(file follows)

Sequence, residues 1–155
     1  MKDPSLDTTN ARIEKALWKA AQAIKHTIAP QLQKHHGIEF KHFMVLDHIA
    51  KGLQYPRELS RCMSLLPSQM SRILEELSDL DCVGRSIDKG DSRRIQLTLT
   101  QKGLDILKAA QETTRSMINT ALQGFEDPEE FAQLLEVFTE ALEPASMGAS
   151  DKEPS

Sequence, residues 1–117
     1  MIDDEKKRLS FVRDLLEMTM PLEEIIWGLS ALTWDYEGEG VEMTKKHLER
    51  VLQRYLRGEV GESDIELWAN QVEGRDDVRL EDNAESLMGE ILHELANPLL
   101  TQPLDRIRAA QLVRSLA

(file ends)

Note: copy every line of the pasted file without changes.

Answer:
Sequence, residues 1–155
     1  MKDPSLDTTN ARIEKALWKA AQAIKHTIAP QLQKHHGIEF KHFMVLDHIA
    51  KGLQYPRELS RCMSLLPSQM SRILEELSDL DCVGRSIDKG DSRRIQLTLT
   101  QKGLDILKAA QETTRSMINT ALQGFEDPEE FAQLLEVFTE ALEPASMGAS
   151  DKEPS

Sequence, residues 1–117
     1  MIDDEKKRLS FVRDLLEMTM PLEEIIWGLS ALTWDYEGEG VEMTKKHLER
    51  VLQRYLRGEV GESDIELWAN QVEGRDDVRL EDNAESLMGE ILHELANPLL
   101  TQPLDRIRAA QLVRSLA